“The plumbing of the financial markets and economy “is all esoteric Wall Street stuff,” Federal Reserve Chairman Ben Bernanke, a former college economics professor, explained to lawmakers last week. “It doesn’t have any meaning to people on Main Street, but it connects very directly to their lives. If the credit system isn’t working, then firms cannot finance themselves.” –Sudeep Reddy in the Wall Street Journal on September 28, 2008

“Ron Paul, Republican congressman from Texas, told Federal Reserve Chairman Bernanke on July 9, 2008 that the Federal Reserve is a ‘predatory lender.’” – See http://dandelionsalad.wordpress.com/2008/07/16/ron-paul-something-big-is-happening/

“In the United States, although predatory lending is not defined by federal law, and various states define abusive lending differently, it usually involves practices that strip equity away from a homeowner, or equity from a company, or condemn the debtor into perpetual indenture. Predatory lending or abusive lending practices can include making a loan to a borrower without regard to the borrower’s ability to repay, repeatedly refinancing a loan within a short period of time and charging high points and fees with each refinance, charging excessive rates and fees to a borrower who qualifies for lower rates and/or fees offered by the lender, or imposing new unjustifiably harsh terms for rolling over existing debt.” –Henry Liu on July 20, 2008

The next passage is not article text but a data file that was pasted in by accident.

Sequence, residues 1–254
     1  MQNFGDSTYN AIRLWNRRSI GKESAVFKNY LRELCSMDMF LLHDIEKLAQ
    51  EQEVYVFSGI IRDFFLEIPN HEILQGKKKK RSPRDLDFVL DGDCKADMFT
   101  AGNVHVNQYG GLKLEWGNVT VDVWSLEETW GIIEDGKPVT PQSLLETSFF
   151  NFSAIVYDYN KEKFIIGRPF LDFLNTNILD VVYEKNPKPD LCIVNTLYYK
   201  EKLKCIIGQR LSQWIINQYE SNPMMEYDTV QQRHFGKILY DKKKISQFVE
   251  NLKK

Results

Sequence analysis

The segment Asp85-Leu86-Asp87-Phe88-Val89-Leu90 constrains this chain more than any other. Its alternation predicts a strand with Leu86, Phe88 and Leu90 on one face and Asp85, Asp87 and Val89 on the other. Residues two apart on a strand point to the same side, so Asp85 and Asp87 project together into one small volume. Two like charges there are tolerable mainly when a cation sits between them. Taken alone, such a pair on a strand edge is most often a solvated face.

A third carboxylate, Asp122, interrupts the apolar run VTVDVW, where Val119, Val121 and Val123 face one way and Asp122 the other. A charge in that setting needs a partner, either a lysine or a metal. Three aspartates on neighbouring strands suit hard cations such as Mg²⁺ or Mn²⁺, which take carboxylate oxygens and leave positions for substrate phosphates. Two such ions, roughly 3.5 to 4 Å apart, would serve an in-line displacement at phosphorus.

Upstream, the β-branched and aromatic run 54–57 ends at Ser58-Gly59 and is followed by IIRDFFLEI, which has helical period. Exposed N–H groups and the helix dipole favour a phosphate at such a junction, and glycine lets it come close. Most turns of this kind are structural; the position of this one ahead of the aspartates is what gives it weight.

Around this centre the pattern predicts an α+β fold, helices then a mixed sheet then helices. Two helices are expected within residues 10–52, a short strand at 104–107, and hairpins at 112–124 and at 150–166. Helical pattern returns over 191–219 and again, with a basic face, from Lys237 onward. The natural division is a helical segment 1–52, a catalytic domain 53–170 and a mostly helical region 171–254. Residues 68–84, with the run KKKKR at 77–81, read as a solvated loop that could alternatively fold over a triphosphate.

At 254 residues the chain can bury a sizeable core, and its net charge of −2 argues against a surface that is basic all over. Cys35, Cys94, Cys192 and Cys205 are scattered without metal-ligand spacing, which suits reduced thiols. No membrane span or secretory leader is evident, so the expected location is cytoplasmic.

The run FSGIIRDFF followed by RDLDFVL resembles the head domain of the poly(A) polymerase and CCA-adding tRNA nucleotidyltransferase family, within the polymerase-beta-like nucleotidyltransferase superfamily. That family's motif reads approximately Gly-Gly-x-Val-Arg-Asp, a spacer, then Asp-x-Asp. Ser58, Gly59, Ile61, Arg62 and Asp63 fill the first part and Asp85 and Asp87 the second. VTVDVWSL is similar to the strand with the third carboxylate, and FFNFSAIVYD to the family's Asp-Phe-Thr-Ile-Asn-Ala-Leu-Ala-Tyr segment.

“The collapse of market fundamentalism in economies everywhere is putting the ChicagoSchool theology on trial. Its big lie has been exposed by facts on two levels. In fact, Friedman’s fundamental flaw is his fixation on the business cycle as expressed by the stock market, rather than looking at the whole economy with a wide range of meta-finance concerns such as agricultural economics, labor economics, population economics, the economics of war, pollution, development, etc.” –Henry Liu

“One friend of mine who became a sociology instructor at Chicago told me that he began one class trying to explain whether there was such a thing as an ideology of the vested interests might be. ‘That’s what we’re here to learn,’ a student replied.” -Michael Hudson